Now as anyone who has built anything in Second Life knows, on small parcels of land, you run out of prims really fast. Every object requires at last one prim, complex objects require a lot, and you never seem to have enough to do all that you want.
So I deleted the office building, and started again (I'd learned a fair amount about building by now), and I constructed something a bit more fanciful, but prim-efficient. Then I set out to demonstrate the bells and whistles that you can build into Second Life: a waving Australian flag, revolving sign, sliding doors (with sound effects), email to and from the real world, automated Notecard distribution, and so on, and so forth. I installed scripted teleportation stands, for moving between the levels of my new building. I tinkered with the textures, so that I could put vertical blinds on some windows.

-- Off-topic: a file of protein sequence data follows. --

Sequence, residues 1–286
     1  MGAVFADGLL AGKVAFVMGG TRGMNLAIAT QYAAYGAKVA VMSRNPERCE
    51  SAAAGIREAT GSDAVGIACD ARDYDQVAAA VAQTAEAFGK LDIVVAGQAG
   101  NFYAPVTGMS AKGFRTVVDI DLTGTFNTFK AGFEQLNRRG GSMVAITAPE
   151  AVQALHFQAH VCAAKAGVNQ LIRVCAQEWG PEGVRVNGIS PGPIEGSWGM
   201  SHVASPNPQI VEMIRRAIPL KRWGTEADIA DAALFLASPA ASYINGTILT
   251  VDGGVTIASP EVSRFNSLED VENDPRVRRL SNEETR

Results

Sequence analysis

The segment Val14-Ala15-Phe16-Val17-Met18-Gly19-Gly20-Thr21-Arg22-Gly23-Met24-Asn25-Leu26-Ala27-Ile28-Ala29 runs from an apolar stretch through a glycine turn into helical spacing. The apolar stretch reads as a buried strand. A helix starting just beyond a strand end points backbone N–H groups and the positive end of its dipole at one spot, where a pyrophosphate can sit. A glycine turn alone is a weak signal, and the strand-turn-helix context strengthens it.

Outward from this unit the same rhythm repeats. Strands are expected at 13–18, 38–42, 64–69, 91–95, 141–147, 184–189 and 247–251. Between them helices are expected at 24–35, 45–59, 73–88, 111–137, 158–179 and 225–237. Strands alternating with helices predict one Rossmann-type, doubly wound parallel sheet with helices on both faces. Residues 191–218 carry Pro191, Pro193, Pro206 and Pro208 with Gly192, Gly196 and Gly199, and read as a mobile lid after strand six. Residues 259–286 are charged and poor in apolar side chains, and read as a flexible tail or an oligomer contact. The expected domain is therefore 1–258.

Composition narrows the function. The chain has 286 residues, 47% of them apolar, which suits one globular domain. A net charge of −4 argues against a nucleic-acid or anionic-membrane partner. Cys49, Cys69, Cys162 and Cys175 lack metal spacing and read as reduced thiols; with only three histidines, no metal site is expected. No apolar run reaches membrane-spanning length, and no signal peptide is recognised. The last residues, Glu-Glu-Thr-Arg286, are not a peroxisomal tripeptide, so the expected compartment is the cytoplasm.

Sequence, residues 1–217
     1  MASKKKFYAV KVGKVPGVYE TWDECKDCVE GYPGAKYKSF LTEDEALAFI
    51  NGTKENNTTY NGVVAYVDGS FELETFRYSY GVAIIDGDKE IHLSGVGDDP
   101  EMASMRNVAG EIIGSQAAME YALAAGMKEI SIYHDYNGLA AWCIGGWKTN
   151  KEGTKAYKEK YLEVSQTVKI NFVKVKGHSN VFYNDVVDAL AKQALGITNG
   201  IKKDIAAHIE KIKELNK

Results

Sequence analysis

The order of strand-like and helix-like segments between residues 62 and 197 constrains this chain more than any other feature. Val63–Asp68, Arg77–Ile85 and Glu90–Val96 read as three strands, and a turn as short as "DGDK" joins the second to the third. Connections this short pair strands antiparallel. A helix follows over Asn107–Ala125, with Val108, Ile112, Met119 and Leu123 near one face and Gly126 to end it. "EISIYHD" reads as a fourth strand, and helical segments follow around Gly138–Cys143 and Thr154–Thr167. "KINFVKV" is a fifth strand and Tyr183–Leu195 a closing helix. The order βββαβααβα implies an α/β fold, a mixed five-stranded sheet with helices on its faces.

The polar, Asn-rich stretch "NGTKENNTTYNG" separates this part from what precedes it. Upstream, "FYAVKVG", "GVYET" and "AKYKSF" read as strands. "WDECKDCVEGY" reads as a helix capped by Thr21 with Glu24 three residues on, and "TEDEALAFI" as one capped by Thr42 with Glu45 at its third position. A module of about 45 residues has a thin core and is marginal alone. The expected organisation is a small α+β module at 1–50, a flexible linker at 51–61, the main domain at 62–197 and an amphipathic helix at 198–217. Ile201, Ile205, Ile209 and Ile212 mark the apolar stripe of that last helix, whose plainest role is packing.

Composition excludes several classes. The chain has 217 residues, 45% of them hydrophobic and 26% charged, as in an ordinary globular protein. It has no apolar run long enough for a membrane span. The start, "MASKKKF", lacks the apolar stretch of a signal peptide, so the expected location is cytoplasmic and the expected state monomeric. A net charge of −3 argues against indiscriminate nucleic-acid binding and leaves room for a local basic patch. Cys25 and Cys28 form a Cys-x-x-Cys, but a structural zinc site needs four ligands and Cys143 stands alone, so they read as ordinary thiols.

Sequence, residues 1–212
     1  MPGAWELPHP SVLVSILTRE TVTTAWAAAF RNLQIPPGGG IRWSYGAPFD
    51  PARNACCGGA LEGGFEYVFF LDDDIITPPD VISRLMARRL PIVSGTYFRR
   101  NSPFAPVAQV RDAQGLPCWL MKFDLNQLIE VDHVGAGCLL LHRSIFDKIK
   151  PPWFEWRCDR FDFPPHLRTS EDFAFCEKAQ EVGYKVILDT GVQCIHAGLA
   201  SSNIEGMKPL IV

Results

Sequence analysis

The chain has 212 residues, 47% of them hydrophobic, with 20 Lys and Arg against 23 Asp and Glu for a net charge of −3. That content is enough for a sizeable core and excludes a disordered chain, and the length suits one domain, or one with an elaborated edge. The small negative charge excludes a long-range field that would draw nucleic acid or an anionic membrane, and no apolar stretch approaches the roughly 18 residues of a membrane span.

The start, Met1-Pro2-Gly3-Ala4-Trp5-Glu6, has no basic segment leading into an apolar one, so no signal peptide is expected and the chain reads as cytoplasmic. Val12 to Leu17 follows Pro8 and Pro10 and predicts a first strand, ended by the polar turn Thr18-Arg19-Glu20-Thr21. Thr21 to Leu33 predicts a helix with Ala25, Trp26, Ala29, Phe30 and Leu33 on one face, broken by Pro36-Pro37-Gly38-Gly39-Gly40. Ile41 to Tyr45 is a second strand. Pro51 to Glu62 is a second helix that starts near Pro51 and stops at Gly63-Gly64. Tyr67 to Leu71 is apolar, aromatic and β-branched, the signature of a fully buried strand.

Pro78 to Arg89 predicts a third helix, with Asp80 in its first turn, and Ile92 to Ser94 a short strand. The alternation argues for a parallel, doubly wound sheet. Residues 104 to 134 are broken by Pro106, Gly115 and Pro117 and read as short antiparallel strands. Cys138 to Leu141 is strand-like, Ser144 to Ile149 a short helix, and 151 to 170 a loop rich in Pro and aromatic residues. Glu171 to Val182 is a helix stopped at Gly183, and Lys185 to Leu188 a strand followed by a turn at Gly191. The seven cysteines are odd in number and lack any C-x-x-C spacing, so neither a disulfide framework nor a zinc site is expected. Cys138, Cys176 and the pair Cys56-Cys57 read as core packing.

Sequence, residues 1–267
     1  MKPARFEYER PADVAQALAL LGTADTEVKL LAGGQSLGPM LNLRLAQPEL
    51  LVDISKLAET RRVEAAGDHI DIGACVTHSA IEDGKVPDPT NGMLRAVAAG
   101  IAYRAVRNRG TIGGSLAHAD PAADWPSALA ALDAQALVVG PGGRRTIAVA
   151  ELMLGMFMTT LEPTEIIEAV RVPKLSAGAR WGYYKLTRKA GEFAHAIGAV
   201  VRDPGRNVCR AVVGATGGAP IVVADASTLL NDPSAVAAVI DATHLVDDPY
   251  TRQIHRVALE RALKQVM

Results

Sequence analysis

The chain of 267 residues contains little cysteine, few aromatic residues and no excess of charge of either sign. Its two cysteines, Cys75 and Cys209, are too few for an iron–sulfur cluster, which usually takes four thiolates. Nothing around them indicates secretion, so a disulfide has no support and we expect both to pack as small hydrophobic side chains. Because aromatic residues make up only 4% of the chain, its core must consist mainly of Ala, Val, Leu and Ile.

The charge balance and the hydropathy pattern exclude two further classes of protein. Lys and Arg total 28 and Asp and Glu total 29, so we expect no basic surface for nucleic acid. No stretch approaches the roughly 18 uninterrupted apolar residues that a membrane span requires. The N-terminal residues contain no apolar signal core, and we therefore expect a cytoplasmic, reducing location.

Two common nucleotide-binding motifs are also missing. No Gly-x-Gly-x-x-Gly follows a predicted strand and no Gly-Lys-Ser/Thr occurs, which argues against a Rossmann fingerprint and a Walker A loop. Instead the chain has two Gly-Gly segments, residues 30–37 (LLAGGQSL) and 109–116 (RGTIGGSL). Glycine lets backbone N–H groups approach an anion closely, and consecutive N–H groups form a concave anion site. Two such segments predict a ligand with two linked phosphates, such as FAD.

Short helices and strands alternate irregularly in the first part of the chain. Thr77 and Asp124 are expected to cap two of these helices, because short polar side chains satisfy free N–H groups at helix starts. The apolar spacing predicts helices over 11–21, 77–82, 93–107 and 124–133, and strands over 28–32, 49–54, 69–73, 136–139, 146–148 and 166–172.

And just when I thought I had it all done, someone bought up all the land around my parcel, altered the land levels and deleted some of the features that I had been relying on for background, so I had to shuffle things around. I finally got it to the point where I could make a little movie of it just before I went on leave, and I have left the movie with the person who started all this. I'll see what he wants to do next when I get back.
Now I have to say that I don't intend to stay in Second Life. I have a very busy first life, and my second life is currently as a first level ranger in a newish D&D campaign. So Second Life is really my third life. But I have found the experience interesting - I have spent almost no time interacting with other avatars - but it is possible to spend hours trying to get a door handle to look just right, to get the fabric on a chair to look believable, or to get the walls of a garden properly aligned. The more time I spend on it, the more it reminds me of the old doll's house.